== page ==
Surge in contact disputes as parents wrangle over children in remote hearings

04th May

Sarah Clubley, director of Williamsons Solicitors, says that despite government guidance that children of parents who are separated can move between households during the restrictions, her firm has made multiple emergency applications to the family courts over the past three weeks.
“This is against a backdrop of the rushed implementation of remote hearings for court cases, which have been put in place since the lockdown to deal with essential matters which include people being denied access to children,” she said.
“These remote hearings represent a rapid change in proceedings and are far from ideal, but the court will use them to make a decision based on the best interests of the children without any face-to-face discussions.”
She said that issues with remote hearings, which are currently being carried out via telephone conference call, included loss of reception on mobile phones and parents struggling with “pay-as-you-go” contracts, as well as the inherent difficulties of having a judge, parents and solicitors all on one call.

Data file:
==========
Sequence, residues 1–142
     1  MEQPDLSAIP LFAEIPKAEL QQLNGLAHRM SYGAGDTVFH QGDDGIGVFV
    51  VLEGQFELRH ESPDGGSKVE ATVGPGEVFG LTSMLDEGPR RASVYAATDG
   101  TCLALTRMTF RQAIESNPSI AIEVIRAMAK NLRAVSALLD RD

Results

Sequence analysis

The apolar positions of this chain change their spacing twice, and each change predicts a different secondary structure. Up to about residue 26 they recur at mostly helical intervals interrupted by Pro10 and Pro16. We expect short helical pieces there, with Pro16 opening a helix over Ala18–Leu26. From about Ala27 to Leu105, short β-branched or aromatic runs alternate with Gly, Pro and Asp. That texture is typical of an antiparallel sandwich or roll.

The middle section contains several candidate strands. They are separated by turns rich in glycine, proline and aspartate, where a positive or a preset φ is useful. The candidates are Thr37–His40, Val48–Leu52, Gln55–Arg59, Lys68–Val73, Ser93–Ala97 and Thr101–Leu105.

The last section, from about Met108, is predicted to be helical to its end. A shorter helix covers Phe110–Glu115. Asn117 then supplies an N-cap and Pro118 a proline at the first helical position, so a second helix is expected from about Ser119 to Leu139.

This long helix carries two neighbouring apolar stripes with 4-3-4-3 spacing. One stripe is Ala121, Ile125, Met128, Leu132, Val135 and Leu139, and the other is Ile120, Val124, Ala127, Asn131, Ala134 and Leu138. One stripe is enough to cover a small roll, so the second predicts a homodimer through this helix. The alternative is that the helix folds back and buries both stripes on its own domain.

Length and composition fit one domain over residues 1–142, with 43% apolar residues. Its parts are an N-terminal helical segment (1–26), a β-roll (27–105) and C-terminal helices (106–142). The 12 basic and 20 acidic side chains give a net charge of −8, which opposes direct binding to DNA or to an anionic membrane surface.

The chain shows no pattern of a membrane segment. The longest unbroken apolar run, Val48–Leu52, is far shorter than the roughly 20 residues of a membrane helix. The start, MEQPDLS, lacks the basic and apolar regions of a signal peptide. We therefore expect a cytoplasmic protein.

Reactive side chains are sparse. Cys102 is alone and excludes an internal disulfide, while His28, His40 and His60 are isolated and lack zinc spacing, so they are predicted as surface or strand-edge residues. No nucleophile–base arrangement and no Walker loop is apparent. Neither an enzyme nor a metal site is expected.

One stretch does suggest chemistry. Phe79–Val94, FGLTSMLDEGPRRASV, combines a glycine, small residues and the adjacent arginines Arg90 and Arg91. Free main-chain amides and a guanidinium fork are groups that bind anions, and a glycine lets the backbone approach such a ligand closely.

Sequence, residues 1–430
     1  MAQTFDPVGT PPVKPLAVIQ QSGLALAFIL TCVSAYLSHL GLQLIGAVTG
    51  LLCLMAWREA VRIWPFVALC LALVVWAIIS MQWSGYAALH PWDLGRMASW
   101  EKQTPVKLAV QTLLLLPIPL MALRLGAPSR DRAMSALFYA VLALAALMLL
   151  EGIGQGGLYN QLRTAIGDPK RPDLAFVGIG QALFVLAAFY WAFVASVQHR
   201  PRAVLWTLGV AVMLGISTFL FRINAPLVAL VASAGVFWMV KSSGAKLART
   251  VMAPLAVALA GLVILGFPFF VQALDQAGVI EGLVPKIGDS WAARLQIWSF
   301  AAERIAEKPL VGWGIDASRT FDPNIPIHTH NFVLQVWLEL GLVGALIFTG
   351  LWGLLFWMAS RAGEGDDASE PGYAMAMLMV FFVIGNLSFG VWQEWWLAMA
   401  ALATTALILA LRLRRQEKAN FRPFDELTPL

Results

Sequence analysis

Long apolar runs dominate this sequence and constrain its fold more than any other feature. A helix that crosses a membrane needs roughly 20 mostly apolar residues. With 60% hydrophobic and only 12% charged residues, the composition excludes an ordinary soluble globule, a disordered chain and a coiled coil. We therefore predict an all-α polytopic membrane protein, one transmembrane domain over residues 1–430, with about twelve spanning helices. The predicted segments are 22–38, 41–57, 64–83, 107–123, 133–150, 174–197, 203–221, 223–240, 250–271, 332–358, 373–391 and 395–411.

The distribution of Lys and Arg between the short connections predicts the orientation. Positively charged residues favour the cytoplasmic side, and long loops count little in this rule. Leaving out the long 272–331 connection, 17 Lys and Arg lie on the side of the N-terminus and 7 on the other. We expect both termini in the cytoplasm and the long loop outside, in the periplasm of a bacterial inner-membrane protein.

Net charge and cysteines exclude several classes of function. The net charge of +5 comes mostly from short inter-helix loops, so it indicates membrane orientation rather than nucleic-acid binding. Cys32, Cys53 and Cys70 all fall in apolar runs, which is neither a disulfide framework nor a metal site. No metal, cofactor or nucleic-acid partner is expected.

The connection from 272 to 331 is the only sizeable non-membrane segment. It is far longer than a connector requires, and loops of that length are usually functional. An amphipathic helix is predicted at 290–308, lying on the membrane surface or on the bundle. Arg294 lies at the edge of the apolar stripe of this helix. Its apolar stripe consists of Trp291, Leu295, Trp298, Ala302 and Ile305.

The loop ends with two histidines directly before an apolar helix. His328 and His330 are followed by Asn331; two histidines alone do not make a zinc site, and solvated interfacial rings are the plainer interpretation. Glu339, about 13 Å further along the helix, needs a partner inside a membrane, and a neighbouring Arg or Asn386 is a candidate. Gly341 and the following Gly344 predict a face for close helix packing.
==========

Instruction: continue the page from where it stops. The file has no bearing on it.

Ms Clubley, who heads Williamsons’ family and childcare department, said that the firm was seeing a wide range of interpretation of the government lockdown rules and failure by some parents to allow their children to move between both homes or use video contact as an alternative. 
“I understand that co-parenting gets further complicated by social distancing and stay-at-home orders, and that it’s very difficult when parents are worried about the health and safety of their children, but remote hearings in the Family Court should be a last resort.”
Ms Clubley is appealing to parents to act reasonably and make a sensible assessment of the circumstances. “We’ve had cases where parents are not honouring the contact agreement because their ex-partner is a key worker, for example, but this contradicts the guidance. It would be far preferable that the parents spoke to one another about their concerns before it escalated or sought mediation.”
After initially suggesting that children should not move between two houses, government minister Michael Gove apologised, saying that it may be necessary. The guidance states, “Where parents do not live in the same household, children under 18 can be moved between their parents’ homes.”

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